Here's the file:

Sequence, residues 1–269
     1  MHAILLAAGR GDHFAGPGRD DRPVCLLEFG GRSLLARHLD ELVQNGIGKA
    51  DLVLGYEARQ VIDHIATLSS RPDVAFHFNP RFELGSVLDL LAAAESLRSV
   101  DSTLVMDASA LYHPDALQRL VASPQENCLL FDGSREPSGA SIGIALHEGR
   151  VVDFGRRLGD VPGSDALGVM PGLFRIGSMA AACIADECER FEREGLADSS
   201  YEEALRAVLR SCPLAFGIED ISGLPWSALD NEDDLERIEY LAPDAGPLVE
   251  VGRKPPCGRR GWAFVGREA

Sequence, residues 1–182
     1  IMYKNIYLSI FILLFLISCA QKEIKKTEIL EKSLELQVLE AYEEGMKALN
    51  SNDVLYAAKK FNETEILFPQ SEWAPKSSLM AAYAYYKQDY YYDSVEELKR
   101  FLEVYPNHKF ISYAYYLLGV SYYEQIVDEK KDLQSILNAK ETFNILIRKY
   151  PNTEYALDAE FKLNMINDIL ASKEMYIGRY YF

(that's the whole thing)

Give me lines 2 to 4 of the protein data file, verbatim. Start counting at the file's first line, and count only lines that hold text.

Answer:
     1  MHAILLAAGR GDHFAGPGRD DRPVCLLEFG GRSLLARHLD ELVQNGIGKA
    51  DLVLGYEARQ VIDHIATLSS RPDVAFHFNP RFELGSVLDL LAAAESLRSV
   101  DSTLVMDASA LYHPDALQRL VASPQENCLL FDGSREPSGA SIGIALHEGR